A graduate of Industrial Design at the University of South Australia, David Caon is now working on Qantas’ new First Class lounge at Singapore’s, Changi Airport, alongside Kelvin Ho from Akin Atelier. It is due to open later this year. Developing his skills in Milan and Paris, where he worked with compatriot Marc Newson for clients including Dom Perignon, Samsonite and Qantas, Caon established his own studio in Sydney in 2009. Caon has partnered with Qantas on many projects including the airline’s Dreamliner fitout and its tableware. He is also working on the revamp of Qantas’ A380 fleet. See caonstudio.com
I will go to Tokyo anytime. It’s not a downtime city, however. My aim with a city like Tokyo (or New York and London) is to do as much as possible in as little time as possible. These cities are not contemplative, apart from the 30 seconds I allow myself of staring at a beautiful sculpture or painting in one of their amazing galleries. They’re high-energy cities and one should never stop, because they don’t stop. Having made nearly 20 visits to the city, I now like to compress time there. If I stop I feel like I’m wasting time and my opportunities to see new things are slipping by. I can only keep it up for a few days, however. My record is landing into Haneda at 5am and flying back out that evening. It still felt like I was there for three days.
It was late afternoon in Capri when Captain Roberto called me to tell me that our group’s transfer to Ponza was in trouble. The boat had broken down just outside the port. Maybe he could sort it out – no promises. I was panicked because Ponza was three hours away. I fretted and made useless calls. The girls shrugged and wandered off to buy drinks and snacks. The guys pondered the quality of the fishing in the harbour. I was incredulous of their reactions. But they were right. There was nothing to do but wait. Forty minutes later, Roberto turned up in another captain’s boat and they fired us across the Med. Just go with the flow.
Like many, my work takes me to cities I wouldn’t necessarily visit otherwise. In my downtime, and especially if I’m alone, I’ll try to find an interesting part of town. I’m not a sightseer, I’m much more interested in a modern art gallery and a cool precinct to stroll, eat, shop and just be. If I’m lacking recommendations, I’ll always look for an Aesop store. Those guys generally research their shopfront locations and more often than not there are other interesting things in the area. It works more often than not.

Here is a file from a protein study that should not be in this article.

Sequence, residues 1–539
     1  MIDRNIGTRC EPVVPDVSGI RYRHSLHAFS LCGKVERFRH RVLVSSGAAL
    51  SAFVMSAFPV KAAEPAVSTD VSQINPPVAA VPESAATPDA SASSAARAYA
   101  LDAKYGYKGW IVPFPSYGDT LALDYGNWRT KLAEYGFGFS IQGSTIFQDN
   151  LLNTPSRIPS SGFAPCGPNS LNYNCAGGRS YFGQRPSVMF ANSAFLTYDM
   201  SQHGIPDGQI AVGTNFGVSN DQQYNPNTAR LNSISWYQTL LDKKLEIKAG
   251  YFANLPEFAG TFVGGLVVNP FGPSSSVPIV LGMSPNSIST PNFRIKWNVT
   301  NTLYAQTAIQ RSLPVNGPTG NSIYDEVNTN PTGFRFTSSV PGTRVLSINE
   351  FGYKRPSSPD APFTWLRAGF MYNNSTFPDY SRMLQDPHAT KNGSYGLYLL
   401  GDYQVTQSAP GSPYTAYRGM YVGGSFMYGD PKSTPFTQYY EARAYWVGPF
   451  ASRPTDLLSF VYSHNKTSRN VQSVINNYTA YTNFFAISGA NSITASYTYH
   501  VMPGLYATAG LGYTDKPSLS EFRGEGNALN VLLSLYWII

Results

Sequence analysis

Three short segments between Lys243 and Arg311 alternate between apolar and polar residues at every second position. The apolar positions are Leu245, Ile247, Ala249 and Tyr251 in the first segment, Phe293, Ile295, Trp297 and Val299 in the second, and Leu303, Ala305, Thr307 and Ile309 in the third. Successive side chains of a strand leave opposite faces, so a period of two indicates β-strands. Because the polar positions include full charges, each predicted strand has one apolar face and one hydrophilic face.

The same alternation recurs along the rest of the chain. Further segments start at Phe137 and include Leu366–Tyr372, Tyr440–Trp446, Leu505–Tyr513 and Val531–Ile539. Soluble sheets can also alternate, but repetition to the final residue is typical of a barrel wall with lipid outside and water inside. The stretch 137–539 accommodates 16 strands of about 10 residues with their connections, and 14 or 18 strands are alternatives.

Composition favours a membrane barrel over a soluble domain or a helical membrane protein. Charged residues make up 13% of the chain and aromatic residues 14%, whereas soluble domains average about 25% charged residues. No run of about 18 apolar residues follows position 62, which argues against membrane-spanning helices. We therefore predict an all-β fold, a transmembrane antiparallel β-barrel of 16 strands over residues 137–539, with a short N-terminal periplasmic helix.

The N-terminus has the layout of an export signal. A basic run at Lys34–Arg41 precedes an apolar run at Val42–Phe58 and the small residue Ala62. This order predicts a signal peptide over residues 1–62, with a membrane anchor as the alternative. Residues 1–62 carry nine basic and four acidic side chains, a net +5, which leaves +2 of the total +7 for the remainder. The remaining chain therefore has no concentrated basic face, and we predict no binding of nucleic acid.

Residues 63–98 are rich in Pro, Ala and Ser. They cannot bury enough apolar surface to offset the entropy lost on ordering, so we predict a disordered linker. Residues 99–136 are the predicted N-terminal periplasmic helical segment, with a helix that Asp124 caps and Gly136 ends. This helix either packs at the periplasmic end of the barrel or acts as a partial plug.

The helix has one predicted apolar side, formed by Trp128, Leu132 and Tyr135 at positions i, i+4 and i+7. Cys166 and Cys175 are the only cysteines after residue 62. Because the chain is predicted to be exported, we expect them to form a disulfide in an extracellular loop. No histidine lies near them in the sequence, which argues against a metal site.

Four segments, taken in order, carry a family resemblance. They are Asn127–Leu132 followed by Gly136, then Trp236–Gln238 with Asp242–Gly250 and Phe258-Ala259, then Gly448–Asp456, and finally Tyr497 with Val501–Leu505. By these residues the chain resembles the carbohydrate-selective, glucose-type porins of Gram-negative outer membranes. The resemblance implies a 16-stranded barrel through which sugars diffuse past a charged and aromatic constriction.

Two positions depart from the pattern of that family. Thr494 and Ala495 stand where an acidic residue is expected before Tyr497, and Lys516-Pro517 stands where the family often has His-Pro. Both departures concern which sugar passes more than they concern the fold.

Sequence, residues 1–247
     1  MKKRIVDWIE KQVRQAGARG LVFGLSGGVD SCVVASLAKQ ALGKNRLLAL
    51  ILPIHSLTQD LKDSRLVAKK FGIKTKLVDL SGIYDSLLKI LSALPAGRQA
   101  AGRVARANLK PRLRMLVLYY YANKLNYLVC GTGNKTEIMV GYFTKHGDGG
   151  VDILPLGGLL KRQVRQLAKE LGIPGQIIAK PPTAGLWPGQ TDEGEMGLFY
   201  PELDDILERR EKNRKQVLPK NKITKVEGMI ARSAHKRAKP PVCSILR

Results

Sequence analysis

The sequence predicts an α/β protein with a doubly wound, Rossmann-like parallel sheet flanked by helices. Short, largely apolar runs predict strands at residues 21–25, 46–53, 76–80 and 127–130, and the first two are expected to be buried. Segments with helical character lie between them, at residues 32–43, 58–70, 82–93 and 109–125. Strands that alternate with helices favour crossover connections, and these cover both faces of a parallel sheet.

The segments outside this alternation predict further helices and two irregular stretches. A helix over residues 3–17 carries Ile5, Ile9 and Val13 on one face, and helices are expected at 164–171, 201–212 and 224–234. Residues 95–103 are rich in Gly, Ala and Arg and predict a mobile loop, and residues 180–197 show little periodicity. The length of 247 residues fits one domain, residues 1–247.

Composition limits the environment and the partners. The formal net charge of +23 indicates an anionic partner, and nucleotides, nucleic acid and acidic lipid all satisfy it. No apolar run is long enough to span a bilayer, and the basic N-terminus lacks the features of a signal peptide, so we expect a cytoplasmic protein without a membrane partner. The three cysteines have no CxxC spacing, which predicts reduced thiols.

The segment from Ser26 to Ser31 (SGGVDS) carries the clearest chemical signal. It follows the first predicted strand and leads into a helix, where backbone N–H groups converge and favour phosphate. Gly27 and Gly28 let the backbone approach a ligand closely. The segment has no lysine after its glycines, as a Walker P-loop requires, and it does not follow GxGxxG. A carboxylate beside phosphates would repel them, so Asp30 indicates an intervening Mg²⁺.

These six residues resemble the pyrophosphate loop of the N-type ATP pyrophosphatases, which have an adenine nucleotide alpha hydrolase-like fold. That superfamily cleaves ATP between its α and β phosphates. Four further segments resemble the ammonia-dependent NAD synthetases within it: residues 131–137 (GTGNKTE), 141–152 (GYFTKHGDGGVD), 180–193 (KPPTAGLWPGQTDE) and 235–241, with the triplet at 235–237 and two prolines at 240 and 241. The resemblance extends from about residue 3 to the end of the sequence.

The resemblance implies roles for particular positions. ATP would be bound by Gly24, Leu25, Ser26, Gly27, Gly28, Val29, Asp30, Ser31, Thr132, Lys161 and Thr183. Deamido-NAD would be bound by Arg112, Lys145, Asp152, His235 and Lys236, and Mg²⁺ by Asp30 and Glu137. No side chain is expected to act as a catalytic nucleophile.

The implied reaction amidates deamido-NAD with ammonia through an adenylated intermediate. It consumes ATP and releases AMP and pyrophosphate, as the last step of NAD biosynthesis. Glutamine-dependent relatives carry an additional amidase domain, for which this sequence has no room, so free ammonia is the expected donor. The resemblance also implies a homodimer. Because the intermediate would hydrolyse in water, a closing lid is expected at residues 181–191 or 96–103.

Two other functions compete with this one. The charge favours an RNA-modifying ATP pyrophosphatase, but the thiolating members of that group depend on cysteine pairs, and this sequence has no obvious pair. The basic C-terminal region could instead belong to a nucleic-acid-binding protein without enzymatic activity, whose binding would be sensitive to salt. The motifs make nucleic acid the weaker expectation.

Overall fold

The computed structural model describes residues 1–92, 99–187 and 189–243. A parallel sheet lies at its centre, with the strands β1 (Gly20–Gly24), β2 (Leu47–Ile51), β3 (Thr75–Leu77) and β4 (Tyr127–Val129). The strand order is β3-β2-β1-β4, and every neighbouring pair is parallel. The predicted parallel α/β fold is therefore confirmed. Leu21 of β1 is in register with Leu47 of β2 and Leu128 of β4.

I ended up accidentally living in Milan for three years. Each year was distinctly different from the next and all three filled with action and doing. We visit Italy every year, whether for the design fair or just on a family trip. Every trip we visit Milan and I’ve learnt it is always worth it. My last visit was a couple of weeks ago on my way to meet a client. Just for one day, by myself. It was 43 degrees when I landed and it took (as usual) an hour to get a hire car. But an afternoon spent strolling Brera followed by aperitivo and dinner made it worthwhile.
Outside of big cities, just stop. Stop for days. The tendency when planning a trip is to try and do it all. Three days here, two days there. That’s the best way to kill a holiday. Boredom is important in some places. It’s important to stretch the rubber band of your attention span. The next day you will feel less bored and more at peace and that’s when you start to relax and enjoy the energy of the place you are in. There is nothing like sitting by the pool with no plans to cleanse the mind and soul. For me, sitting poolside and on a flight is where I’m most creative. No distractions, no one to talk to, just reflection.